Steps to address South Africa’s dropout crisis

The majority of learners who start Grade 1 will not complete their schooling. The South African education system is failing our children because a lack of educational qualifications puts them at a disadvantage in the labour market, increasing the prospect of a life mired in unemployment, and in so doing, perpetuating cycles of poverty and inequality.

There was a public outcry when the PIRLS (Progress in International Reading Literacy Study) 2016 results revealed that 78% of Grade 4 children in South Africa cannot read for meaning in any language. This is symptomatic of a far deeper malaise: South Africa invests extensively in basic education[1] and yet out of every 100 children who begin Grade 1, 60 will make it to Grade 12, and only 40 will actually matriculate from that cohort[2].

While annual matric pass rates have been improving over time, this reflects only those learners who make it through school to write their final exams. The annual pass rate does not account for those who drop out before or during Grade 12, or the high percentage of grade repeaters – with more than half of learners (52%) in Grades 10-12 having repeated at least one grade in South Africa[3].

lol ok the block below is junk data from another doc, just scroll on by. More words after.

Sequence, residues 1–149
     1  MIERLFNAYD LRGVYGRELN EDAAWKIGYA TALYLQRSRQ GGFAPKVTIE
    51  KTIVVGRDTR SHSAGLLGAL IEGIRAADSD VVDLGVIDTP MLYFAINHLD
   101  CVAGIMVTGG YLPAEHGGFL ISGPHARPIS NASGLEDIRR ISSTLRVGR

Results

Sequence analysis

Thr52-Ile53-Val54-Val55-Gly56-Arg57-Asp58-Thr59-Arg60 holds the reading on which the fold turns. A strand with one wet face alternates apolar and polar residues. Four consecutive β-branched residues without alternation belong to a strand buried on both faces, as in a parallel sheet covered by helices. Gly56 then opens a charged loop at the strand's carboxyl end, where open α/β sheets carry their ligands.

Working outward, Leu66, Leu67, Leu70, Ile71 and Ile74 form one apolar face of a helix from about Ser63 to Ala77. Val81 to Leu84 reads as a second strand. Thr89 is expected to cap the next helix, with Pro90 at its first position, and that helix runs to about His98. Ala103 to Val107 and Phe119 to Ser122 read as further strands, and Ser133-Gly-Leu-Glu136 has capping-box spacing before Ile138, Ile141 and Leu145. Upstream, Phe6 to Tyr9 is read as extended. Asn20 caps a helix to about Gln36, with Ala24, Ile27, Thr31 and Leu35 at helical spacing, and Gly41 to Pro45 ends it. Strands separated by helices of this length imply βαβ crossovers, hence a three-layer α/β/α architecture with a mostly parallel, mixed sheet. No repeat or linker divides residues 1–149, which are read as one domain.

While it is legal for learners to exit the school system at the end of Grade 9 or the age of 15, the reality remains there are few if any viable alternative pathways to opportunity for young people who leave school without a matric certificate. They cannot go to university. They are less likely to be invited to job interviews. And they will probably be excluded from youth development programmes, many of which have a matric as their minimum entry requirement.

To help stem the tide of school dropout, DGMT’s Zero Dropout Schools Initiative aims to mobilise society to halve the rate of dropout by 2030. In this learning brief, we look at the key risk factors for school dropout, as well as five strategies that local NGOs are putting to the test to keep our children in school.

Download the Dropout learning brief here or page through it in ISSUU below – choose full-screen mode [   ] for a better reading experience.  You can download the full Hands-on Learning publication (Issue 14) here.


[1] South Africa invests 15% of its total budget on education; proportionally this is a higher investment than the United States, United Kingdom and Germany. (Cohen, M. 2017. SA spends higher proportion of budget on education than US, UK. Fin24, 5 January 2017. Available at: sa-spends-more-on-education-than-us-uk-and-germany-20170105)

[2] Spaull, N. 2015. Schooling in South Africa: How low-quality education becomes a poverty trap. South African Child Gauge 2015. De Lannoy, A., Swartz, S., Lake, L. & Smith, C. (eds). Cape Town: Children’s Institute, University of Cape Town.

[3] Taylor, N. & Shindler, J. 2016. Education Sector Landscape Mapping. Jet Education Services.

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